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Numerical method

The first thing I did was to get rid of dimensions. For each mesh point in the model I defined the following dimensionless quantities,

x \equiv r/R

B \equiv q/x^{3}\;\;\; q=m/M

V \equiv -\frac{1}{\Gamma_{1}}\frac{dln\, p}{dln\, r}=\frac{Gm\rho}{\Gamma_{1}pr}

\Gamma_{1} \equiv \Gamma_{1}

A \equiv \frac{1}{\Gamma_{1}}\frac{dln\, p}{dln\, r}-\frac{dln\,\rho}{dln\, r}

The dimensionless variable corresponding to the frequency is,


The dimensionless equations

For the non-radial case (l \neq 0) I set the dimensionless variables as,

y_{1} = \frac{\xi_{r}}{R}

y_{2} = \frac{l\left(l+1\right)}{R}\xi_{h}

Turning the Cowling equations dimensionless using these variables yields,


\frac{dy_{2}}{dx}=\frac{1}{x}\left(l(l+1)-\eta A\right)y_{1}+\frac{1}{x}\left(A-1\right)y_{2}

where \eta=l(l+1)B/\sigma^{2}. For the radial case, y_{2} is replaced by,


and so the equations become,



The code uses the second order centered differences method to solve the differential equations. Hence the equations above are replaced by the difference equations,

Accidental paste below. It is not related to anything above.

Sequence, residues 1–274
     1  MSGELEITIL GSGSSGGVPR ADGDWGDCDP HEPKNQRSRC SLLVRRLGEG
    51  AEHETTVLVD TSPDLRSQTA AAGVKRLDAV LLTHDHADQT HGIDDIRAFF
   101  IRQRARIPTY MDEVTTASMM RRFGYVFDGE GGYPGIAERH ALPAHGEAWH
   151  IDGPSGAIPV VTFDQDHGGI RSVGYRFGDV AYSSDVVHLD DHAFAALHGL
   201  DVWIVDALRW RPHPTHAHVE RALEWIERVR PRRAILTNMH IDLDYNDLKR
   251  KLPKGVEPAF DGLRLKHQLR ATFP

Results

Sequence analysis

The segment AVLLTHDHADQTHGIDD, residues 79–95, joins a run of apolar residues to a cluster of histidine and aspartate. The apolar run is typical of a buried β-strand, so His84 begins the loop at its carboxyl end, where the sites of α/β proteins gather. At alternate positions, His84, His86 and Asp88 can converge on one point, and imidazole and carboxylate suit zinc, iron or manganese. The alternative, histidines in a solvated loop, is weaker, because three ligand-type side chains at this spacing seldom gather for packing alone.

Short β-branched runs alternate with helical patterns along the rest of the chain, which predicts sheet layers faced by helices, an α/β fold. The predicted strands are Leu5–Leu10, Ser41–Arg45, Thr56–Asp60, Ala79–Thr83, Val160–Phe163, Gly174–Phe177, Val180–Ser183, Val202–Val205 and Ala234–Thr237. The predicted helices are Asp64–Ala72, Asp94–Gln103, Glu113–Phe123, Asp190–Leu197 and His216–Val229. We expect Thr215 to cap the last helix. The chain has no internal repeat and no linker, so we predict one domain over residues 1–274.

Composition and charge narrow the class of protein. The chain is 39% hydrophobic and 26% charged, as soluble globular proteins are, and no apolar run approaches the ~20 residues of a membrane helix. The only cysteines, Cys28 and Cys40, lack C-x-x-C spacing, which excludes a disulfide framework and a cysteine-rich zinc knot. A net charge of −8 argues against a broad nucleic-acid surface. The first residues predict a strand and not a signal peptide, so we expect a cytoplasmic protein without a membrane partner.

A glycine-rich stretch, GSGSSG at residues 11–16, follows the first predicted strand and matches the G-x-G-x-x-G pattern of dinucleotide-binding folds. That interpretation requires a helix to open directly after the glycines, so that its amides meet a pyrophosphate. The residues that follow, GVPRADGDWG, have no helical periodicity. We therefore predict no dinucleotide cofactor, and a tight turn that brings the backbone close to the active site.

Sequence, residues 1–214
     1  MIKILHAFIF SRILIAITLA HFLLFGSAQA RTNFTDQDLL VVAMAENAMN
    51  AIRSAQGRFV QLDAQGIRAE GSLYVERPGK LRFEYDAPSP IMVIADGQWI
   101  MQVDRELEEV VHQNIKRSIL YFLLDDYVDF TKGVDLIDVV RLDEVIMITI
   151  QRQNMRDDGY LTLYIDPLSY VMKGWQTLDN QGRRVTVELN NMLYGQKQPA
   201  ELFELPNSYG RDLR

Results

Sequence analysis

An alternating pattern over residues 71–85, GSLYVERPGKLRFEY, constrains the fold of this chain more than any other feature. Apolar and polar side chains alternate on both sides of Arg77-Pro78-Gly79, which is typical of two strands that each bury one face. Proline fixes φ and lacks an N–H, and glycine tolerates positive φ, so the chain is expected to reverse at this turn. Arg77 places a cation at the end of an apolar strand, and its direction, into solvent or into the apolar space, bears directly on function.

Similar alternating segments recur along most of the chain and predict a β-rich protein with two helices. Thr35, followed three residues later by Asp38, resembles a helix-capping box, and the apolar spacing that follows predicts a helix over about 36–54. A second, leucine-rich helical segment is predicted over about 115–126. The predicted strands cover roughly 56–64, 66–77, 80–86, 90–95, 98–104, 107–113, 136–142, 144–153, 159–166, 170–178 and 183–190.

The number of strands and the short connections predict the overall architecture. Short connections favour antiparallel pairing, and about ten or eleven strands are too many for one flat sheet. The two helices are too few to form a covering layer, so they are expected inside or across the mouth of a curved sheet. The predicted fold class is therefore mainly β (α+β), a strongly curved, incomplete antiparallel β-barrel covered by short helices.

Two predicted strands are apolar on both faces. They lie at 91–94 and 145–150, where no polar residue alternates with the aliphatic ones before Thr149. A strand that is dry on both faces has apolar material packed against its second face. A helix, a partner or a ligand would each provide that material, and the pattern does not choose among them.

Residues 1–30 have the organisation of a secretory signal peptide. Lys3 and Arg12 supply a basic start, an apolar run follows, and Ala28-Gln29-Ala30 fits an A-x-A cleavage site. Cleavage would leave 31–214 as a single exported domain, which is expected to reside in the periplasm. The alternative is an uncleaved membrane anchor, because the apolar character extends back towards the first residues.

where a_{ij}^{n}=a_{ij}\left(x^{n}\right), y_{j}^{n}=y_{j}\left(x^{n}\right) and x^{n} are the points that construct the mesh of the star. Hence, the solution at x^{n+1} is determined by that at x^{n}. Note that the equation is symmetric under the exchange y_{i}^{n+1}\leftrightarrow y_{i}^{n} and x^{n+1}\leftrightarrow x^{n}.

Mode order convention

The code finds the mode order according to the definition made by Scuflaire (1974). The order is defined as follows,


where x_{z1} are the zeros in y_{1} (excluding the center) and sign is the sign function. The value of n_{0} depends on the way the solution behaves near the inner boundary : if y_{1} and y_{2} have a similar sign then n_{0}=0, otherwise n_{0}=1. For the cases intended to be run by this code (a complete stellar model that includes the center together with the Cowling approximation), it follows that n_{0}=1 for radial oscillations and n_{0}=0 for non-radial oscillation. Hence, this defines n>0 for p modes, n=0 for f modes and n<0 for g modes.

The shooting method

For the second order system, the differential equations have a unique (up to normalization) solution satisfying the inner boundary conditions, y_{i}^{(i)} , and a unique solution satisfying the outer boundary condition, y_{i}^{(o)}. These can be obtained by numerical integration. The final solutions are then y_{i}=C^{(i)}y_{i}^{(i)}=C^{(o)}y_{i}^{(o)}. The eigenvalue is obtained by demanding that the solutions agree at a suitable matching point, x=x_{f}. Hence,



A non trivial solution \left(C^{(i)},C^{(o)}\right) for these equations exists only when the determinant vanishes,

\Delta\equiv y_{1}^{(i)}(x_{f})y_{2}^{(o)}(x_{f})-y_{2}^{(i)}(x_{f})y_{1}^{(o)}(x_{f})=0


The basic function of the code is the following:

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